When I was young I went through my period of fascination with Zen. I still hold some Zen teachings dear to my heart, but these days I wouldn't be able to you what Mahāyāna Buddhism is really about and what Tenets there are, if any.

During that period, I remember wanting to study Zen officially, but the only school close to me was in Rome, and travelling there from my place was a bit of a commitment. Despite that, one day I gathered all my motivation, took the car and decided to drive all of way there. After fighting through late-evening traffic in Rome I managed to find a parking spot close enough to the place and I finally got at the Zen school, only 5 minutes late. I think it was 5 past 8, which is why taking the train was not a possibility, given the last train home used to have been at 10:30pm and I imagine this would be at least a 2 hour affair.

When I tried to enter, after knocking on the main door, the people from the school politely told me that the lesson was already started and that I couldn't join them.

That day I realized that official Zen was not for me.

After that episode I also thought about how nobody would really kick you out of mass if you entered 5 minutes after the ceremony has started.. an maybe there was something be learned there.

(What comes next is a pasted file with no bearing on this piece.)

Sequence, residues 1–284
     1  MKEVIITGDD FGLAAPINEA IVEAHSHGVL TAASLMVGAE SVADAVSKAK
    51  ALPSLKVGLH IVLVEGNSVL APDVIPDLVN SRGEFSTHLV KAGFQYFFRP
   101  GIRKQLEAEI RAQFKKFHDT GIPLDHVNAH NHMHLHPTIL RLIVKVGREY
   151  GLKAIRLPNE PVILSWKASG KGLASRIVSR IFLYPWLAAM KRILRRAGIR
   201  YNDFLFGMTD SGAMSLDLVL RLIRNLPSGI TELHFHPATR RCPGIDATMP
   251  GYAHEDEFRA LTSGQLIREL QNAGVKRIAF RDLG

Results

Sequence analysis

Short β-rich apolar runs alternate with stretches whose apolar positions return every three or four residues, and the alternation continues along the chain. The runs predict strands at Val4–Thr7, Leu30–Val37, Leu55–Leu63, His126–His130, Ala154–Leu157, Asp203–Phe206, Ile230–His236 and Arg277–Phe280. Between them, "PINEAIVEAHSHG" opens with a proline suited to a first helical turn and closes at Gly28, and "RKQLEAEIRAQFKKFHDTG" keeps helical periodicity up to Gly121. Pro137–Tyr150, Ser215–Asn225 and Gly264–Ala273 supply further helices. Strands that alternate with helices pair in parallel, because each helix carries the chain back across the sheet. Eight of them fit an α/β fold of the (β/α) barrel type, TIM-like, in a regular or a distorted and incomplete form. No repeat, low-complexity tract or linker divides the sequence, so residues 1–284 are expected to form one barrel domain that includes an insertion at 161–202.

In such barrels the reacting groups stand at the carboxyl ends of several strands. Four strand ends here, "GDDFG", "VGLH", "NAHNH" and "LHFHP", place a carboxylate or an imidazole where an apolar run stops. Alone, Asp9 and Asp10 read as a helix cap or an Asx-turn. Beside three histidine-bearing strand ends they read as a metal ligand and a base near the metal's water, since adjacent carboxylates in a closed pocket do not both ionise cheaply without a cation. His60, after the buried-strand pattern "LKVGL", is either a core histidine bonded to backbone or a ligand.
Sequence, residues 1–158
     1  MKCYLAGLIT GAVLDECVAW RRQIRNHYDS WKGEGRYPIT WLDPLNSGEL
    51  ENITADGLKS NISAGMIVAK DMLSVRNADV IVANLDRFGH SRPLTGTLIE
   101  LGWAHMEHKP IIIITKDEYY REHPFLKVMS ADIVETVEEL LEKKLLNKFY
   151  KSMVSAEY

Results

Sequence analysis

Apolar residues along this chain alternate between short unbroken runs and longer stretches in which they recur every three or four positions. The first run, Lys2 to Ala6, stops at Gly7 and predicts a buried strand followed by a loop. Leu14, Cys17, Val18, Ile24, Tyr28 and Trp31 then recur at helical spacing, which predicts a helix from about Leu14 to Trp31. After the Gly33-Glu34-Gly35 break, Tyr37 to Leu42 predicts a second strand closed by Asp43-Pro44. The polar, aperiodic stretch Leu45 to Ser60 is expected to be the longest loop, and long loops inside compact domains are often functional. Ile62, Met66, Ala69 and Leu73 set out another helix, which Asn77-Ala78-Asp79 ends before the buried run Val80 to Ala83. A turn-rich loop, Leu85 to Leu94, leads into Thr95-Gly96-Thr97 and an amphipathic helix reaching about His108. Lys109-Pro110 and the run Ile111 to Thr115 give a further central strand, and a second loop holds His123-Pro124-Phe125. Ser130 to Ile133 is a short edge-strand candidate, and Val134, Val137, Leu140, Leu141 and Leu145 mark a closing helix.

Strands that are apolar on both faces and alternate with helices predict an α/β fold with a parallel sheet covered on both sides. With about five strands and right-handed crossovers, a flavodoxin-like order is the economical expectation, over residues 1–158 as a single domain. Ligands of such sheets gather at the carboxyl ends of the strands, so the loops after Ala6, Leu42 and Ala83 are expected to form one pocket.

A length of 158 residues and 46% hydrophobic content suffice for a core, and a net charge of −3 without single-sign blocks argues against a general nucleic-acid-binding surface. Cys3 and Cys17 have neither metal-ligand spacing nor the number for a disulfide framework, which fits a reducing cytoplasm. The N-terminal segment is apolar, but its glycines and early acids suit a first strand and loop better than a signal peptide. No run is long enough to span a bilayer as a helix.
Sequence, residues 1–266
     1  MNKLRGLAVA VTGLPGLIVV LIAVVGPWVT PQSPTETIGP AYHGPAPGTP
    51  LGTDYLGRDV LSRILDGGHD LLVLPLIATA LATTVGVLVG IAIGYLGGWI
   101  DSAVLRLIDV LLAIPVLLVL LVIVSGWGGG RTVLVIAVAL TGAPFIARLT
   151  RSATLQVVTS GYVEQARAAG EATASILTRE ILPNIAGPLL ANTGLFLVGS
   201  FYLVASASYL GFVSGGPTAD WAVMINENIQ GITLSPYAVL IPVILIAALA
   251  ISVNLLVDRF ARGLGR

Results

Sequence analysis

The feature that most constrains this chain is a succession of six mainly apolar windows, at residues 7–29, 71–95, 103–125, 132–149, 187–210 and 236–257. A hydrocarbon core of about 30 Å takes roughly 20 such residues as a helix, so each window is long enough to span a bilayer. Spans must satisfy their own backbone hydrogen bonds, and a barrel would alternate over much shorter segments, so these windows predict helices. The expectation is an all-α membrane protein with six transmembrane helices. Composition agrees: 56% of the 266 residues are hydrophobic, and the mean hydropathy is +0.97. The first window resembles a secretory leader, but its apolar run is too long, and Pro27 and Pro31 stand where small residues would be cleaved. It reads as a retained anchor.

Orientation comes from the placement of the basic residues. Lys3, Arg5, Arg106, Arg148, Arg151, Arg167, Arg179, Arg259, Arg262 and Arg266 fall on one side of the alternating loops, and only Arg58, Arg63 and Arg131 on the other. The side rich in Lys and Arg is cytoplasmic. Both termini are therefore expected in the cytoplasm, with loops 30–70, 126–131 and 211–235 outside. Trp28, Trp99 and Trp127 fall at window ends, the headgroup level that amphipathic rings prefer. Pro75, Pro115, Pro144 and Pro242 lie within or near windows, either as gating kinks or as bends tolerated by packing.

But anyway, one of the Zen koans that I remember fondly is one that I originally read in a small comic book I had, called "Dice lo Zen" (Zen Speaks: Shouts of Nothingness, ISBN-10 0385472579).

Two monks and a woman

The story goes that two monks, a senior and a junior, are traveling together through a forest. At some point they come to a river with a strong current, where they see that a young woman is waiting, unable to cross alone. She asks the monks if they would help her cross the river. In spite of the sacred vow he has taken, prohibiting him to touch women, the older monk picks her up, crosses the body of water and gently sets her down on the other side.

The younger monk then also crosses the river with them, and keeps to himself incredulous and in full disbelief thinking that the older monk has broken his vow. But doesn’t say anything. An hour passes as they travel on and he walks aghast. Then two hours. Then three. Finally, the now agitated younger monk can keep it inside no longer, and asks: “As monks, we are not permitted to touch women. How could you then carry her on your shoulders?”

The older monk replies, “I set her down hours ago by the side of the river. Why are you still carrying her?”